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Italy's magical trophy tour wins public vote

Published: Monday 5 November 2012, 8.55CET
Fans and former players joined forces to give a magical flavour to the 2012 UEFA Champions League Trophy Tour as it passed through the passionate football stronghold of Italy.

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Published: Monday 5 November 2012, 8.55CET

Italy's magical trophy tour wins public vote

Fans and former players joined forces to give a magical flavour to the 2012 UEFA Champions League Trophy Tour as it passed through the passionate football stronghold of Italy.

Italy in autumn is a beautiful place – and what better opportunity was there to parade European club football's top prize, the UEFA Champions League trophy, through several major cities in this football-mad country.

From 13 September to 22 October, the UEFA Champions League Trophy Tour, presented by UniCredit, passed through Milan, Turin, Bologna, Palermo, Naples and Rome, with other stops in Verona, Venice and Florence. The silverware proved a premium attraction for thousands of fans, while stars who had graced the competition were present as trophy tour and UniCredit ambassadors to stoke up the atmosphere.

The fans who flocked to the venues were able to have their photo taken with the trophy and meet the ambassadors. No fewer than 164,850 football enthusiasts attended the tour stops, with 37,956 photos being snapped. By focusing on Italy alone, tour organisers could deliver the UEFA Champions League experience to some of Europe's most passionate fans, linked to many of the clubs and players who have helped write the history of the competition.

A glittering lineup welcomed the supporters along the way as ambassadors. The list was a prestigious one: Ruud Gullit and Luís Figo in Milan; Christian Karembeu, Gianluca Vialli and Francesco Graziani in Turin; Fabrizio Ravanelli and Gianluca Pagliuca in Bologna; Predrag Mijatović and Angelo Di Livio in Palermo; Careca and Ciro Ferrara in Naples; and Cafu and Christian Vieri in Rome.

The former players recognised the attraction of the tour and the appeal of the trophy. "It has been a great response," said Vieri. "They all want to see this trophy. All the kids in Italy follow football, so everybody watches the Champions League." Ravanelli added: "I think it's a dream; it's very important to do this tour through Italy. The cities that host the event can be really happy. The people are so passionate about this competition, so just imagine the players on the pitch who fight every day to win the trophy – and are able to say one day, 'I lifted this trophy.'"

Visitors and ambassadors alike went away with an unforgettable memory. "There can't be many better occasions for fans who are passionate about football than to see the Champions League trophy close up," Graziani said. "It's the most prestigious trophy there is at club level. You have the chance to touch it, to have a picture with it, to experience it personally."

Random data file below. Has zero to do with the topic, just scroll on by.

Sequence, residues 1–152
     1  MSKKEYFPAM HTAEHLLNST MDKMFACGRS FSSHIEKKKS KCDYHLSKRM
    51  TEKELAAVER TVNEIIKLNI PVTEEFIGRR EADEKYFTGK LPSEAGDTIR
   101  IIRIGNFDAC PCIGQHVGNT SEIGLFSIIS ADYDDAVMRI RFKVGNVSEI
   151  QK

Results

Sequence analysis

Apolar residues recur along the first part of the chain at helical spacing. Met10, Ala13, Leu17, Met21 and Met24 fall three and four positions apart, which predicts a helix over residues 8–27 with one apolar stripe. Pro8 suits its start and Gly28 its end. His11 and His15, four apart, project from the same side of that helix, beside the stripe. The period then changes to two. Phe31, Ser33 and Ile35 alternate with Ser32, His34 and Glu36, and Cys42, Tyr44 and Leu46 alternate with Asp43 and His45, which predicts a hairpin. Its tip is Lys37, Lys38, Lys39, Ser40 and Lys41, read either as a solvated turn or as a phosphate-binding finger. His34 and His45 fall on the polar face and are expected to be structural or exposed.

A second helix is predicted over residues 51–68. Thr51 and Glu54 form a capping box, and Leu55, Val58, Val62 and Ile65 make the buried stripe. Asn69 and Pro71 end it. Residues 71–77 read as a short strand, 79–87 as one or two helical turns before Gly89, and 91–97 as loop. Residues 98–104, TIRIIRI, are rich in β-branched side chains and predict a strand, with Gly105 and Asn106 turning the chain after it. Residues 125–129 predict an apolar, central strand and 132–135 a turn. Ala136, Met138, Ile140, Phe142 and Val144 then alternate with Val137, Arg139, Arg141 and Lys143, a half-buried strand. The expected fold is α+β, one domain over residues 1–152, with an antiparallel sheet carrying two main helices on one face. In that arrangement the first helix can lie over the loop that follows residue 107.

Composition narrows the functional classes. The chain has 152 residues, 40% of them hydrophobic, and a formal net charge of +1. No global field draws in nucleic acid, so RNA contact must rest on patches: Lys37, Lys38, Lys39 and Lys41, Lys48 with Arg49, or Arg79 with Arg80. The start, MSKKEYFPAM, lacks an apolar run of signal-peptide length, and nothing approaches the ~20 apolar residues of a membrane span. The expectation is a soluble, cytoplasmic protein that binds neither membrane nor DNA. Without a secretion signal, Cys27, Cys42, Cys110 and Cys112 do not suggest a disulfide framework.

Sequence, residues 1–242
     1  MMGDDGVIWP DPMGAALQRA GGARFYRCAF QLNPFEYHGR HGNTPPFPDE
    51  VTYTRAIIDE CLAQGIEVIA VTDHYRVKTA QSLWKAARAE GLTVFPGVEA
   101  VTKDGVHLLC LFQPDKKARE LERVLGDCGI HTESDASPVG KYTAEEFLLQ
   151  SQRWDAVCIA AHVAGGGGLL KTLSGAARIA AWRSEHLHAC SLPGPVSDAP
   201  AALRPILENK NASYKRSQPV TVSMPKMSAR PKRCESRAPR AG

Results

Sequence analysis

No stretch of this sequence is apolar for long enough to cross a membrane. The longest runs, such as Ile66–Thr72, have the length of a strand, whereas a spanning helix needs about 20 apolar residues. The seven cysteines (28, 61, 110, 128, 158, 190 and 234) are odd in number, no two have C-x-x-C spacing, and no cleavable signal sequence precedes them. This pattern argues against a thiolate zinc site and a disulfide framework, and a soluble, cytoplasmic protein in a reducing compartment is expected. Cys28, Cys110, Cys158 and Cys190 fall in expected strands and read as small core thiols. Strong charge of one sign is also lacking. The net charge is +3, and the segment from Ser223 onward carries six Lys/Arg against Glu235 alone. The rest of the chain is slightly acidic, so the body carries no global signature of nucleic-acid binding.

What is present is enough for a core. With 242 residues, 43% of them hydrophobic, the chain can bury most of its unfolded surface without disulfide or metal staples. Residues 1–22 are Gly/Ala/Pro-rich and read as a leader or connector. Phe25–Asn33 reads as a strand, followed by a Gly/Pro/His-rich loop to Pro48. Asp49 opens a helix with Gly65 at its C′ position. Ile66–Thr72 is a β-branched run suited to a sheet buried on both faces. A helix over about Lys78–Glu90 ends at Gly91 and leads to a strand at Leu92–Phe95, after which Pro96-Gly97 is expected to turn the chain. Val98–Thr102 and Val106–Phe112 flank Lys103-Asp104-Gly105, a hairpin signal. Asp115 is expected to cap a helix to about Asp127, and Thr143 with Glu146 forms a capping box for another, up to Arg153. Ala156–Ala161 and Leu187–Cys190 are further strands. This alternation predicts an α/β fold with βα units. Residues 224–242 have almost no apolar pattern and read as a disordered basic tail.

Some of the great players felt moved to be reacquainted with the prize that brought them such glory. "It's an honour," Gullit reflected. "I won this trophy twice and I know what it means to me – to win the Champions League as a person and as a footballer is the maximum. I feel a bit of nostalgia – it was 25, 26 years ago that I arrived here [in Milan]. It feels like yesterday. I lived in Italy for eight years. It was the nicest time I had as a player."

Thanks to UniCredit's involvement as sponsors, the tour afforded the public the chance to see an iconic piece of modern sporting culture, in addition to the photo opportunities and appearances by the likes of Gullit and Figo. The goal was to make the trophy accessible and engage supporters – especially families and children – through grassroots activities. A big focus for UniCredit was to make the experience relevant to each individual city, and the ambassadors in particular helped bring a local flavour to the event.

The UniCredit Arena, a large pop-up stadium complete with entrance tunnel, was a resounding success at the major stopovers. Here fans were offered computer-simulated shots on goal, allowing them to experience how it feels to take part in a UEFA Champions League match. A video cube, comprising four giant television screens, added to the atmosphere, while the memorabilia exhibition included players' boots, jerseys and a changing room with kits from all 13 UEFA Champions League-winning clubs.

One new initiative for the tour was the UniCredit Cup, a youth football tournament played, over 192 matches, on six Sundays at the tour's main destinations. It featured 1,600 children born in 2000/01 who belong to sides associated with the Centro Sportivo Italiano, which trains youngsters in different sports.

All in all, it was a magical experience, with Karembeu summing up the feel and flavour of a fantastic Italian adventure. "I think it's an amazing idea that was created by UEFA and UniCredit to make a dream come true for the fans."

Last updated: 04/12/13 19.08CET

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